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Jayson Mussons

How long has Barack Obama been in office? It may seem like years considering the fact that he may not have slept since his inauguration with all the progressive advances weve made; from international relations to stem cells to releasing our beloved hostages from our torture camps. Is it really that farfetched to associate our new president with the 2002 Flaming Lips Album Yoshimi Battles the Pink Robots? I dont think so. Jayson Mussons investigation of President Barack Obamas International status ranges from nieve exploration to something that Al Jolson might have drawn as a child. Nonetheless, 1st amendment bro: important.

 

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Michelle Kingdom Uses Dense Embroidery To Stitch Magically Surreal Scenes Filled With Wonder

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Michelle Kingdom uses thread like paint in her highly expressive embroidery of peculiar situations. Her dense embroidery builds up layers of colors and textures, using each stitch to create intricate compositions. Although small in scale, each composition seems to hold endless mystery as it illustrates captivating narratives that are somewhat dreamlike in nature. The artist embraces the use of the thread as a line, as she often connecting the figures included her in work. It is amazing how Michelle Kingdom uses a simple thread to create shadow and depth in her incredibly detailed artwork.

Michelle Kingdom’s surreal work expresses truth and illusion, feelings of expectation and loss. They are small in scale but contain a large amount of emotion and depth. Each of her pieces depicts quirky, ominous scenes full of fun and color. However, we can feel a palpable sense of uncertainty as we are left questioning what exactly happening to the subjects. Her work portrays both beauty and Michelle Kingdom explains further her impressive body of work.

“My work explores psychological landscapes, illuminating thoughts left unspoken. I create tiny worlds in thread to capture elusive yet persistent inner voices. Literary snippets, memories, personal mythologies, and art historical references inform the imagery; fused together, these influences explore relationships, domesticity and self-perception.”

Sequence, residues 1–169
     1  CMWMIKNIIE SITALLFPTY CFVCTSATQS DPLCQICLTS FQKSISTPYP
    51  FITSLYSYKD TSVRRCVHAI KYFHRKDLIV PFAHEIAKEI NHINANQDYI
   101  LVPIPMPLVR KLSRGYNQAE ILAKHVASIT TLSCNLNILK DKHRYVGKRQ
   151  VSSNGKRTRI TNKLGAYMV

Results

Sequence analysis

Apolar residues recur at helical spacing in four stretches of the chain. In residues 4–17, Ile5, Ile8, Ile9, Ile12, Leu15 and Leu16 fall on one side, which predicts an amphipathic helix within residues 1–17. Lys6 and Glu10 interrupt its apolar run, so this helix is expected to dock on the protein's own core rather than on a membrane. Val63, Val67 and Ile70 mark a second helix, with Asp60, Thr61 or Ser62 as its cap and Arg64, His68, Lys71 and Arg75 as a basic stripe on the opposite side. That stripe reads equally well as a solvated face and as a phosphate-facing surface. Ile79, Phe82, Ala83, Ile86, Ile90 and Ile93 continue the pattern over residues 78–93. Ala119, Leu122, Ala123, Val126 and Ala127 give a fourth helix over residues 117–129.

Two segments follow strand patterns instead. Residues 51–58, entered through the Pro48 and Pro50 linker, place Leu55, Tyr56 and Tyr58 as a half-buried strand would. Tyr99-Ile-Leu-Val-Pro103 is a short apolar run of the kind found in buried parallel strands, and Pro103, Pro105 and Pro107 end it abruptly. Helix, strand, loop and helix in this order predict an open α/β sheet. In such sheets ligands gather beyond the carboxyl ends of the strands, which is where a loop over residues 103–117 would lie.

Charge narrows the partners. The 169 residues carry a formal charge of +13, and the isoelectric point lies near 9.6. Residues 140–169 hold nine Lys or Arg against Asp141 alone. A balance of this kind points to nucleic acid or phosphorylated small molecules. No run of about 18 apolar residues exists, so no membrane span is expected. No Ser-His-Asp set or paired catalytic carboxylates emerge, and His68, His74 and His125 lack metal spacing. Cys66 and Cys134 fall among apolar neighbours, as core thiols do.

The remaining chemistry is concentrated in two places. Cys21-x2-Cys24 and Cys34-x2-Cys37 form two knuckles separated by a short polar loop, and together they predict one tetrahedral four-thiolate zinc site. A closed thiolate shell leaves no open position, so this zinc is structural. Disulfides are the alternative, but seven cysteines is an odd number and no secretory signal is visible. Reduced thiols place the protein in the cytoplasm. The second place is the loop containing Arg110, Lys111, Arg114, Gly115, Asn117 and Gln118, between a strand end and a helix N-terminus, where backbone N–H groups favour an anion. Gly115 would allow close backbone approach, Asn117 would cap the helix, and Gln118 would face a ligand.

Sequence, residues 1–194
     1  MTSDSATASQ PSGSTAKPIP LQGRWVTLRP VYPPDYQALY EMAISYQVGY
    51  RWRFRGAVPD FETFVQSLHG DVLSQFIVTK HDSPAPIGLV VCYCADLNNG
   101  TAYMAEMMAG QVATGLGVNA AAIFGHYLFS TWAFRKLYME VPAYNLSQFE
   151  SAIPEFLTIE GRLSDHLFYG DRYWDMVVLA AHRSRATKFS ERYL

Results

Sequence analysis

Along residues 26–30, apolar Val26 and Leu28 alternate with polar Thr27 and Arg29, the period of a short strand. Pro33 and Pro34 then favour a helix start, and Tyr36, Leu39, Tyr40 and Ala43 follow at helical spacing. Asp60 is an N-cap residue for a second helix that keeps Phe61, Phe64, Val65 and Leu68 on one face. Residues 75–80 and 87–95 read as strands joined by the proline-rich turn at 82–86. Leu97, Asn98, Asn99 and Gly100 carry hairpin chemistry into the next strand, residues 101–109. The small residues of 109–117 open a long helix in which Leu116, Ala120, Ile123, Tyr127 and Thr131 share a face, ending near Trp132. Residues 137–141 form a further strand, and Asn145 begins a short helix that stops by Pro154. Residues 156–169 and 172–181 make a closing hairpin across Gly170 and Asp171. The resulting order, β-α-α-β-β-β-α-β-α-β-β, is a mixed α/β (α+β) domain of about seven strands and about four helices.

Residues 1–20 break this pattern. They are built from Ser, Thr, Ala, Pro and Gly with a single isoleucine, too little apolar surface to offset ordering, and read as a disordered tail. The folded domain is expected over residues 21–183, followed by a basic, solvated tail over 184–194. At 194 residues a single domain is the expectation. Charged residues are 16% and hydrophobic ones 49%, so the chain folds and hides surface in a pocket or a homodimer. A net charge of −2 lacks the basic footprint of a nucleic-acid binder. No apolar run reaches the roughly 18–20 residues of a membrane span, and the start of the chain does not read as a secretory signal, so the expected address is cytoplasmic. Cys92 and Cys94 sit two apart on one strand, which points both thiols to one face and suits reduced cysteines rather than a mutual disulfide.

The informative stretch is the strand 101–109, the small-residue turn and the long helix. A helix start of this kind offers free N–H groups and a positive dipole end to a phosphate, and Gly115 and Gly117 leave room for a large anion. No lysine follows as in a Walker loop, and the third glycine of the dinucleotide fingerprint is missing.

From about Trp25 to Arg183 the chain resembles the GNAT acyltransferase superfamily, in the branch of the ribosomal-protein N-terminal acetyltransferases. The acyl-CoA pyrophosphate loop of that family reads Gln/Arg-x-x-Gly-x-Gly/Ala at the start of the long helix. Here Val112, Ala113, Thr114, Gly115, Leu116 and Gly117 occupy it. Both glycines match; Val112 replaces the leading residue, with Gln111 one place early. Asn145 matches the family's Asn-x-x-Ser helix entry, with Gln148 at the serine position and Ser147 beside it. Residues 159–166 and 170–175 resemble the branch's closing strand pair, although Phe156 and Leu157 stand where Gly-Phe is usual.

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Rachael Yamagata’s back with a new EP, Heavyweight and a Fall Tour – I spoke with her recently about both.

Rachael Yamagata has been busy lately, she’s just about to release her new Heavyweight EP and has just embarked on a Fall Tour which will bring her back to Los Angeles next Tuesday, November 20th at the El Rey Theatre. I was lucky enough to talk with her briefly as she made her way to Vancouver for the first show of the tour.

“Sorry it’s so noisy, I’m sitting in the back of a van on the road.” Laughing, I said that I’m in an art gallery with construction going on… we make quite a pair (more laughter). She then asked me if we had met because my name sounded so familiar (oh how I wish I had the guts and split second timing to joke around and say that we had once dated). I told her that we had met at one of her past Hotel Cafe shows, but was also one of her Pledge Music supporters for Chesapeake (her last release). “That’s it! I even remember writing you a note – once I write a name down, it’s hard to forget.” Yup, she pretty much made my day. Moving on, she was excited that the first thing I brought up was the cover art for her new record. All her previous releases have photos of her, so I asked how she found the painting.

“I was just searching online and came across this artist named Jan Zoya. Her work had this feeling of sadness, nostalgia, and passion that I could relate to.” Her artist statement also made an impression. She told me it wasn’t easy though, apparently the artist didn’t believe who she was so it took a bit of going back and forth, “I finally just had to tweet at her saying, look this really is me and I’m trying to contact you.” That finally worked and now one of her paintings graces the cover with even more collaborations possible in the future. As for returning to Los Angeles, I had to mention that I always felt that she belonged to us. “I feel the same way.” She said she still has so many friends here and that it was really hard for her to move to Woodstock. As for the show, “I’m really excited to play the El Rey, I’m touring with strings this time around and really wanted to have seats to keep it intimate.” If you’re familiar with the El Rey, you know it’s usually standing room only.